Just as writing my first book put me into witness state for my grief, watching the tale of my deep water leaf play out on the stage of Dream Theater brought the story to life for me. Suddenly I could see it and feel it in a way that had been escaping me. Instead of struggling to create it, I could see that it had a life of its own and a story it wanted to tell me. That shifted my approach to writing Fallen from struggling to answer a question (What is a deep water leaf?), to allowing the story and its characters to show me the answer.

Over time, through dreams and journaling and random thinking, the general outline of the story arc took shape in my mind. Still, I struggled with writer's block and made many abortive attempts at getting the story down on paper. Until I found Tom Bird.

Tom Bird's writing method emphasizes super fast, full-steam-ahead writing without thinking. Encouraging a writing speed of around 2000 words per hour, this writing method bypasses both the inner perfectionist and the inner critic and opens a channel for the “Divine Author Within” and the book itself to pour through. It helped me to get out of my “own way” and let the story tell itself.

An unbreakable rule in Tom's method is not to reread or edit anything until the entire book feels finished. Not polished, but finished. The result is a complete, if bare bones, story that can then be edited by rearranging the flow, filling in missing gaps, adding supportive research, fleshing out characters and polishing language.

Because this editing process opens the door back up to the perfectionist and critic that live inside, the second phase of Tom's process involves exercises geared toward self-healing, self-acceptance and visualizing success as an author.

It's one thing to get the words down on paper and quite another to launch them out into the world. I think we all have inner stories that block our creative channels and make us feel we have nothing to say that anyone would want to read. Doing the deep dive inner work is required not only to clear our creative channels but to empower us to share what emerges with the world.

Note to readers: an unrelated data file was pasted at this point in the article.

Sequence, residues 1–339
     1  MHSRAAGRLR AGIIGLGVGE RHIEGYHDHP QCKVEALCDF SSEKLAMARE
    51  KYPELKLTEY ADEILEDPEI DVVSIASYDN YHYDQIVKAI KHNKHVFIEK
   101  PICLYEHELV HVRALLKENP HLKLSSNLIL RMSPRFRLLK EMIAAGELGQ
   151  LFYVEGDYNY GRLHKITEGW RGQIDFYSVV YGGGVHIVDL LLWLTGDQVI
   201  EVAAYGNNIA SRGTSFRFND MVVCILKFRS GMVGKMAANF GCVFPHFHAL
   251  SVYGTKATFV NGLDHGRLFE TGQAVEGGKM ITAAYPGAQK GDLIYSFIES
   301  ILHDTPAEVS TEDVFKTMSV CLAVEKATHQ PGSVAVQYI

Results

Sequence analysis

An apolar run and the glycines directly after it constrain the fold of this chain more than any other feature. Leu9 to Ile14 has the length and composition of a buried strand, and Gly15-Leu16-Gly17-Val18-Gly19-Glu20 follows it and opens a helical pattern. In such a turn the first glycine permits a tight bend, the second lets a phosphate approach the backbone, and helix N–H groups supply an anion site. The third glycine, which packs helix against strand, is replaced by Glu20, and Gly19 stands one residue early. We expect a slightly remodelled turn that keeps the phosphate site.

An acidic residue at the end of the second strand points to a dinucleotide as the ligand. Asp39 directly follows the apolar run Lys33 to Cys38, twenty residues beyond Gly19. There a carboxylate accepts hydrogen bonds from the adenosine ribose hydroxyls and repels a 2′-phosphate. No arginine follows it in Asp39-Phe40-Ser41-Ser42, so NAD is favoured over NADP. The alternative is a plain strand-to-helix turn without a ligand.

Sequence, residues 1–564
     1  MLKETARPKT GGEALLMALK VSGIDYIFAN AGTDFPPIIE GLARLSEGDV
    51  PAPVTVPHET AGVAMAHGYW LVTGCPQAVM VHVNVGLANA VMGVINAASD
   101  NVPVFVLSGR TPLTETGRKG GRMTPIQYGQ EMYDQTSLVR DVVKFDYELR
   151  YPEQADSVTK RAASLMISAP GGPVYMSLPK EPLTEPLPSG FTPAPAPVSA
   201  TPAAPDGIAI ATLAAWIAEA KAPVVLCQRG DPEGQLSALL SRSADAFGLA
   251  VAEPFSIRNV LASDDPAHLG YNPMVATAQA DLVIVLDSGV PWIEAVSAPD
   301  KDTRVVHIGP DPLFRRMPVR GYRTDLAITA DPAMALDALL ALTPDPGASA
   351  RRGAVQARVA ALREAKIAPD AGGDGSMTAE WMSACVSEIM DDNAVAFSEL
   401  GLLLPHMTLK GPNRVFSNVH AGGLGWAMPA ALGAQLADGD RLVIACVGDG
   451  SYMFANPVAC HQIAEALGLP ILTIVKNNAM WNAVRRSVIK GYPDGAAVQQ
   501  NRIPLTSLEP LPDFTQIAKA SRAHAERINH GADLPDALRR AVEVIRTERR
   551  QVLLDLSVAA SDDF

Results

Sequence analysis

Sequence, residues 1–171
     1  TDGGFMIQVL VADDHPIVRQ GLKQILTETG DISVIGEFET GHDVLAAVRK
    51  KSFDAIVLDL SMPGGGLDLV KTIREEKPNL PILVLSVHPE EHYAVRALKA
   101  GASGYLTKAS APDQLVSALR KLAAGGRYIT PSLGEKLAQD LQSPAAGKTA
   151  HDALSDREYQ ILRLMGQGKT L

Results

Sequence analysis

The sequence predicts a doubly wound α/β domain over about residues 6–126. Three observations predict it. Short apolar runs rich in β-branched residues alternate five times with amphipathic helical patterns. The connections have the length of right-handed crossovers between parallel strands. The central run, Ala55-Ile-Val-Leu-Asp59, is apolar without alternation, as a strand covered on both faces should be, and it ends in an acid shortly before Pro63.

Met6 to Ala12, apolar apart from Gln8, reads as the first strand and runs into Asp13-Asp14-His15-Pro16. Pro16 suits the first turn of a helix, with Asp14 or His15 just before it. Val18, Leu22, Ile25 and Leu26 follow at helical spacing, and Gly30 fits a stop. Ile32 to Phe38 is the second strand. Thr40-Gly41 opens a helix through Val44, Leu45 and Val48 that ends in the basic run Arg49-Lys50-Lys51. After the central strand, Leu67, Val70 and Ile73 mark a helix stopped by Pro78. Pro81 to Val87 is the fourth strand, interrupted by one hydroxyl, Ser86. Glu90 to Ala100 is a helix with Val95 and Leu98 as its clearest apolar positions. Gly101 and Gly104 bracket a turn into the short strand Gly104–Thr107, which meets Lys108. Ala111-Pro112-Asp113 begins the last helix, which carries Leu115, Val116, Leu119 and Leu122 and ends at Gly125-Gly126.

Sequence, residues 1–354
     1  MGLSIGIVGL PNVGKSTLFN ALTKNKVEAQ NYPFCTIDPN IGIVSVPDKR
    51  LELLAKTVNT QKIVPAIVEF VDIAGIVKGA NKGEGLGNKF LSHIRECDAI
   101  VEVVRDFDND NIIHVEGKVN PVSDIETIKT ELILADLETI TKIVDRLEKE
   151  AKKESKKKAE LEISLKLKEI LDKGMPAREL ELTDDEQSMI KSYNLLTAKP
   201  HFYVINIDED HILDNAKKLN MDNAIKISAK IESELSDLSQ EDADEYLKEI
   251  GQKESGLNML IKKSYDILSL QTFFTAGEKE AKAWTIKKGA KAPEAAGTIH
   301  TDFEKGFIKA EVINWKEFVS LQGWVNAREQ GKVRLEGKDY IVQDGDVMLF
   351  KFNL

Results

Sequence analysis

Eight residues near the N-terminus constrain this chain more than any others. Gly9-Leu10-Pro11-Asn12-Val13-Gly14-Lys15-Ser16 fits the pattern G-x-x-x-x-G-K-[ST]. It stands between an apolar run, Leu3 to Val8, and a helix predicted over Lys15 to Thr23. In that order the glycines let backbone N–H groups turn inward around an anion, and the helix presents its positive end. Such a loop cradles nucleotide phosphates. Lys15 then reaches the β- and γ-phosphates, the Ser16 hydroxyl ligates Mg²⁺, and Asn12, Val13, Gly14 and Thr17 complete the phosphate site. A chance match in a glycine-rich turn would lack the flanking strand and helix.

2) Another interesting phase that led to the birth of the book entailed the evolution of your artistic abilities. This was another journey in and of itself which you shared on social media. Learning various techniques, you were able to communicate your vision through images as well as words, expressing different aspects of story, soul, and self.

Share what it was like on a personal level to begin to align your imaginings with your actual renderings, and how you discovered what style, method, tools, etc. worked/felt best to you as an artist in general and as guardian of what this story in particular would portray.

CP: Oh my goodness! I had no idea what I was committing to when I decided to illustrate this story myself. I am so glad that I did, but had I known at the outset how much time it would take to complete the illustration project, I would probably never have begun.

Thankfully, I was already taking classes with an amazing teacher at the Mesa Arts Center, Helen Rowles. I had grown particularly fond of colored pencil drawings. Prior to Helen's classes, I had dabbled in acrylic painting, mixed media, collage and digital compositing. I felt more comfortable with collage and compositing because I could rely on existing images to create art, which was much less intimidating that creating something from scratch. When I painted, the painting always fell short of the vision in my mind. It was frustrating.

Under Helen's guidance, I learned the skills of drawing well enough to capture my inner visions. The downside is that drawing and blending the many layers of colored pencil in a piece of any size can take a very long time to complete. Some of the 11"x14" and 16"x20" pieces I'd done in class had taken up to 35 hours each.

When I first envisioned the illustrations for the book, I thought there would be a scattering of them throughout—perhaps as many as three per chapter. There was no way I could spend that much time on them. It felt overwhelming.